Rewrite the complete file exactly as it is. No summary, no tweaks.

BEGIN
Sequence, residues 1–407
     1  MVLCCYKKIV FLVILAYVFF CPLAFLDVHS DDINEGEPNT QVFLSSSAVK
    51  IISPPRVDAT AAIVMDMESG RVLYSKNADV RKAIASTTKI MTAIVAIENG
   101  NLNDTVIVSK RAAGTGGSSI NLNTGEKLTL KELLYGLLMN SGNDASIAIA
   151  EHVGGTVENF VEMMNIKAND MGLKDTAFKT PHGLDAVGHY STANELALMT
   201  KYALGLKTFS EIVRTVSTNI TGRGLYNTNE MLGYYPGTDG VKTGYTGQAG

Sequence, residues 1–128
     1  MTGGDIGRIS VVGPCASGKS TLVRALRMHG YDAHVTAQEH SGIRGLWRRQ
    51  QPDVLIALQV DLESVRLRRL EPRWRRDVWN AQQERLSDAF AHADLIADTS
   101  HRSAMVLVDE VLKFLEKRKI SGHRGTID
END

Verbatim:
Sequence, residues 1–407
     1  MVLCCYKKIV FLVILAYVFF CPLAFLDVHS DDINEGEPNT QVFLSSSAVK
    51  IISPPRVDAT AAIVMDMESG RVLYSKNADV RKAIASTTKI MTAIVAIENG
   101  NLNDTVIVSK RAAGTGGSSI NLNTGEKLTL KELLYGLLMN SGNDASIAIA
   151  EHVGGTVENF VEMMNIKAND MGLKDTAFKT PHGLDAVGHY STANELALMT
   201  KYALGLKTFS EIVRTVSTNI TGRGLYNTNE MLGYYPGTDG VKTGYTGQAG

Sequence, residues 1–128
     1  MTGGDIGRIS VVGPCASGKS TLVRALRMHG YDAHVTAQEH SGIRGLWRRQ
    51  QPDVLIALQV DLESVRLRRL EPRWRRDVWN AQQERLSDAF AHADLIADTS
   101  HRSAMVLVDE VLKFLEKRKI SGHRGTID